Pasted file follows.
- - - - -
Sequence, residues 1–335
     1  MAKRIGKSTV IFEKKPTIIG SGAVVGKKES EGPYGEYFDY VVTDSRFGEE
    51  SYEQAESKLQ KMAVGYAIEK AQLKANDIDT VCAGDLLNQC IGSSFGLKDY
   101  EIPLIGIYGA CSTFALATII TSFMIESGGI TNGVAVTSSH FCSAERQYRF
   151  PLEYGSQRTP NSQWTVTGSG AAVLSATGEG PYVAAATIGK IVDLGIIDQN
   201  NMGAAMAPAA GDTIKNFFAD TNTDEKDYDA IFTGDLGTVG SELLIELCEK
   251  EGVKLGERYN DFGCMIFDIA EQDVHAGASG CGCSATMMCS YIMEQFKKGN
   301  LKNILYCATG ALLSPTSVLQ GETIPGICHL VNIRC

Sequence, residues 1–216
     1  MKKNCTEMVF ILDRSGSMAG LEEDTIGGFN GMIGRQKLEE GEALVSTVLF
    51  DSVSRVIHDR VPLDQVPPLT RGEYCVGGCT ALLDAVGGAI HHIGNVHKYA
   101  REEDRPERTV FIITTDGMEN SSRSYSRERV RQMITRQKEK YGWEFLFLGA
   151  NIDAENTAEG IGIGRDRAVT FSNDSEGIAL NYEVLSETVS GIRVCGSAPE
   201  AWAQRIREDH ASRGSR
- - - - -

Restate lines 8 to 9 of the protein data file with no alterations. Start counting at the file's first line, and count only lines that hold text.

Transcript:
   301  LKNILYCATG ALLSPTSVLQ GETIPGICHL VNIRC

Sequence, residues 1–216